By Justin Hancock, Costa Farms Horticulturist
Photographs courtesy of Costa Farms
Variegation is one of the hottest—if not the single biggest—trends we’re seeing in the houseplant world. It’s no wonder why… Foliage with blotches, streaks, or splashes of color stand out from the crowd of more traditional green houseplants. Are variegated houseplants right for your home or office? Absolutely! Here are five of our favorites and a few things to keep in mind.
Goeppertia kegeljanii 'PP0005'
Showing off long, narrow green leaves veined in darker green, Network Calathea is subtle from a distance and stunning when you get up close. It holds up better to dry soil than most other Calatheas, making it a great choice for practically any home or office.
Polka Dot Begonia
There’s a lot going on with Polka Dot Begonia. It features big, wing-shaped leaves (the origin of another of its common names, angelwing begonia) that are rusty red on the undersides and bronzy green on top. What makes it stand out, though, is that each leaf is variegated with an array of silvery-white spots. It can grow four feet tall or more over time, making it a showpiece plant!
Botanists have put Xanthosoma through a number of name changes (you might see it listed as Xanthosoma lindenii or Caladium lindenii), but no matter what you call it, this is a stunning plant. It features dark green, arrow-shaped leaves veined in creamy white. Give it good growing conditions and those leaves can reach 15 inches long or more, making it a showstopper in your home.
Silver Dragon Alocasia
Alocasia ‘Silver Dragon’
Silvery tones pair well with everything, making plants like Silver Dragon Alocasia beautiful to enjoy by themselves or combined with other plants. This beauty offers thick, silver leaves veined in gray green. It’s especially stunning when sited near dark-leafed plants like Raven® ZZ to accent its metallic sheen.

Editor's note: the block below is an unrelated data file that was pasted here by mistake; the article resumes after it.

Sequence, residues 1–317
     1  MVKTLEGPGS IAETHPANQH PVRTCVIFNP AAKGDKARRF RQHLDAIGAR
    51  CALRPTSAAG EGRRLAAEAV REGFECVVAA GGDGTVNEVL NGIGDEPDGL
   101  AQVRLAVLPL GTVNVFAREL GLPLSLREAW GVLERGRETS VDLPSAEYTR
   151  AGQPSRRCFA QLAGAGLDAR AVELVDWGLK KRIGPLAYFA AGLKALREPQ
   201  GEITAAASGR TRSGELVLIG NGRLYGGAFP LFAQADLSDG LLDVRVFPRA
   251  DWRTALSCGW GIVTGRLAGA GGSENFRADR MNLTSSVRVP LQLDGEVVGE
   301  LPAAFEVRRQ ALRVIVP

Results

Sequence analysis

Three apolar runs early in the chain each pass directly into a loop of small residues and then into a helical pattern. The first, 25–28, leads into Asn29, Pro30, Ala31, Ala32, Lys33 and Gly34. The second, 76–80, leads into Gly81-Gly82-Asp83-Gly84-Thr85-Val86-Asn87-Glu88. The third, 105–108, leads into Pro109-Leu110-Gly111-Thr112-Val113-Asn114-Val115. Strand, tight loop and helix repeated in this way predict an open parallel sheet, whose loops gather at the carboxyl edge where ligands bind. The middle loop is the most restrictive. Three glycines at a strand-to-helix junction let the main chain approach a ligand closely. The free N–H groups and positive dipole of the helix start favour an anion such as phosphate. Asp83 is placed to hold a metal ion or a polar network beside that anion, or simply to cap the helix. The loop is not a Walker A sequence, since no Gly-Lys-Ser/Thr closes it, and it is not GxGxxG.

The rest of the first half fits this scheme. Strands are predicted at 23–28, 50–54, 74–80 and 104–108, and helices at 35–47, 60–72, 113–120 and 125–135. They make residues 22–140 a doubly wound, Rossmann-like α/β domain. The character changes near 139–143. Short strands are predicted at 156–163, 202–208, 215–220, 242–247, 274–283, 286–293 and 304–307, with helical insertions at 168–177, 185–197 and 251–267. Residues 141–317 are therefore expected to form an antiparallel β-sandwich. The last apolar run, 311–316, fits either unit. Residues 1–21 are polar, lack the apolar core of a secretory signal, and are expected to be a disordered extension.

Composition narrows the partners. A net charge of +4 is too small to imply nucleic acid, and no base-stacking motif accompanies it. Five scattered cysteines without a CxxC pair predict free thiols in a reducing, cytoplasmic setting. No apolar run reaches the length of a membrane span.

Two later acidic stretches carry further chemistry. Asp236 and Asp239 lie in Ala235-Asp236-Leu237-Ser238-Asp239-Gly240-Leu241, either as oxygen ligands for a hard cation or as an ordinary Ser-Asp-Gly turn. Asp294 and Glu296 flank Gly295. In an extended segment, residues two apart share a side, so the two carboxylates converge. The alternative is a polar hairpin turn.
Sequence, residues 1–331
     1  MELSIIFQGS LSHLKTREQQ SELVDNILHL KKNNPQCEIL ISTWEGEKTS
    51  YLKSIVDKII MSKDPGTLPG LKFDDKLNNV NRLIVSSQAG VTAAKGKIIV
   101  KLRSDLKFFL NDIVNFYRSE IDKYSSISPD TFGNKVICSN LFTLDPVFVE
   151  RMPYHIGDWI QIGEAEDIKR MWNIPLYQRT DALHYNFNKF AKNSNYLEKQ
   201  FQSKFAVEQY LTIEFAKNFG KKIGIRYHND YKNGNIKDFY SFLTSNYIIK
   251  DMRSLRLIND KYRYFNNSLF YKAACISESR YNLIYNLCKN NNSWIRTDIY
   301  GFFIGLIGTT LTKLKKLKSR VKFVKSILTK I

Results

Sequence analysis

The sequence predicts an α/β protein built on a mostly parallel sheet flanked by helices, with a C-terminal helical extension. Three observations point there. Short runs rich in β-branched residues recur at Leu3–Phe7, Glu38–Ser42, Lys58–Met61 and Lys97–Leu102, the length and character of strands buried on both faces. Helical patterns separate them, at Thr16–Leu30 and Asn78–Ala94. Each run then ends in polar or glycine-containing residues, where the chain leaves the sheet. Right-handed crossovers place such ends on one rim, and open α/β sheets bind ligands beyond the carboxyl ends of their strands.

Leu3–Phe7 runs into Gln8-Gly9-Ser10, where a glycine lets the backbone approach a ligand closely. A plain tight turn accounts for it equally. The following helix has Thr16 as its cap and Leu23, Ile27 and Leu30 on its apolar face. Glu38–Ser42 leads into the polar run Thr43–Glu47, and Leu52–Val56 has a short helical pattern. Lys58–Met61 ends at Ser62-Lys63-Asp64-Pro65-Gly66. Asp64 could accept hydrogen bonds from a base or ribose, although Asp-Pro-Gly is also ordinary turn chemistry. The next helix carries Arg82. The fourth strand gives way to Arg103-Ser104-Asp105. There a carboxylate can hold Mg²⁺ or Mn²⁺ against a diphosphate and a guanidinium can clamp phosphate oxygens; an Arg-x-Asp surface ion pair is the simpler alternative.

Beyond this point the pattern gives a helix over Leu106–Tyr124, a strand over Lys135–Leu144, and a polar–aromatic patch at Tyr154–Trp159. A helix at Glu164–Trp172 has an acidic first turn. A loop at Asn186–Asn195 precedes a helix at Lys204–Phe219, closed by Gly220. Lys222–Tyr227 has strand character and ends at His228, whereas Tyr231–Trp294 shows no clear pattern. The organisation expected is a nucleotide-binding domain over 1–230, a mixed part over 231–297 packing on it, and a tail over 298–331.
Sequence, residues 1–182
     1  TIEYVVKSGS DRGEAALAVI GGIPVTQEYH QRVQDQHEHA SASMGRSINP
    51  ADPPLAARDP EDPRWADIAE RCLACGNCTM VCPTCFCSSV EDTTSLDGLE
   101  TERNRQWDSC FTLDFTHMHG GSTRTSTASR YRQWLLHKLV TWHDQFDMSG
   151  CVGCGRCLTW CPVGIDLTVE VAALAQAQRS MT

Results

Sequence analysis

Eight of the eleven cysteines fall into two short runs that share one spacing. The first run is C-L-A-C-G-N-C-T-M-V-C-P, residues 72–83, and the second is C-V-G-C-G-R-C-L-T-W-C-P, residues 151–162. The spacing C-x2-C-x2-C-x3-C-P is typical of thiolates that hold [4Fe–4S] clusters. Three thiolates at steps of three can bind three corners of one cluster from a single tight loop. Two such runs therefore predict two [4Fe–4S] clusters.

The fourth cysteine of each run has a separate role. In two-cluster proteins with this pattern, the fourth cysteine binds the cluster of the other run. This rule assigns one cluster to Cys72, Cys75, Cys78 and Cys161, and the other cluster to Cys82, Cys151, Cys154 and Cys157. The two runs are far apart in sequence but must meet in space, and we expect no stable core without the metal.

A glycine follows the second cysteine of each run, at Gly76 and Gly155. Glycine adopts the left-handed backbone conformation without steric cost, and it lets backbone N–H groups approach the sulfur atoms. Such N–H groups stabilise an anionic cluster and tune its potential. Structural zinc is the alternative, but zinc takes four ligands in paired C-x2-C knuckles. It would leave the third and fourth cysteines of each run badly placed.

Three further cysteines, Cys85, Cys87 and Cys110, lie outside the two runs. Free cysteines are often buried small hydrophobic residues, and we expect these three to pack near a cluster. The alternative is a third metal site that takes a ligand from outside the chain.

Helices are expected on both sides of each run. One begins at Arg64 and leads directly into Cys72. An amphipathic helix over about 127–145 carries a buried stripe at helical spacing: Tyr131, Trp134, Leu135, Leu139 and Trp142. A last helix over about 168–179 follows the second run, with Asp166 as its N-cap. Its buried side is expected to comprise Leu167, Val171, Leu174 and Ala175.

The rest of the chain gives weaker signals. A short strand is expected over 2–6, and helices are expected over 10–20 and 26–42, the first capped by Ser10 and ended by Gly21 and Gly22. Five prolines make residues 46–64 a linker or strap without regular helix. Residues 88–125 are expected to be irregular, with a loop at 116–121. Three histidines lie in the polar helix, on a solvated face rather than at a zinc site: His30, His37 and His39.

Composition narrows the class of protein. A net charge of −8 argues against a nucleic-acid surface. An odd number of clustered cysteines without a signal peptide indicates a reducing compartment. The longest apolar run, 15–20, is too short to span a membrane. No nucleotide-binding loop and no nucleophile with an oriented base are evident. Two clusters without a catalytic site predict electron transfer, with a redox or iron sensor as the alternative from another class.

Moonshine Snake Plant
Dracaena trifasciata ‘Moonshine’
One of the easiest houseplants to grow, Moonshine Snake Plant tolerates just about any room of the house so you can enjoy its carefree nature and good looks. Each of its sword-shaped leaves is silvery green with a bit of dark green mottling or banding.
Sold on variegated houseplants? Here are some considerations:
Most variegated houseplants (the exception being varieties like Global Green Pothos that have green-on-green variegation patterns) have less chlorophyll than their straight-up-green counterparts. This means they have less fuel for growth—so they’re slower and sometimes more difficult for growers. This typically makes them costlier to produce and more expensive in stores.
Variegated selections can be a little different in how they respond to light than non-variegated forms of the same plant. Varieties that have white variegation (such as Manjula Pothos or White Calcite Aglaonema) are more susceptible to unsightly sunburn in bright light since there aren’t pigments protecting the leaf surface. Alternatively, on other varieties their variegation may fade if they don’t get enough light.
If you see a houseplant that has a variegation pattern where every leaf is different, there’s a good chance that variegation isn’t genetically stable. While this is fun and offers the novelty of not knowing exactly what the next leaf will look like, it also brings the potential of reversion. Reversion is when a plant genetically jumps back to a previous form, and with variegation, this can be a non-variegated form.
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By Joe Raboine, Director of Residential Hardscapes,
Photographs courtesy of Belgard
When designing outdoor spaces, most homeowners historically leaned towards traditional designs. But as outdoor living becomes a more integral part of daily life design concepts have changed. Belgrade has an interesting article that details some of the modern design ideas. Click here for an interesting article.
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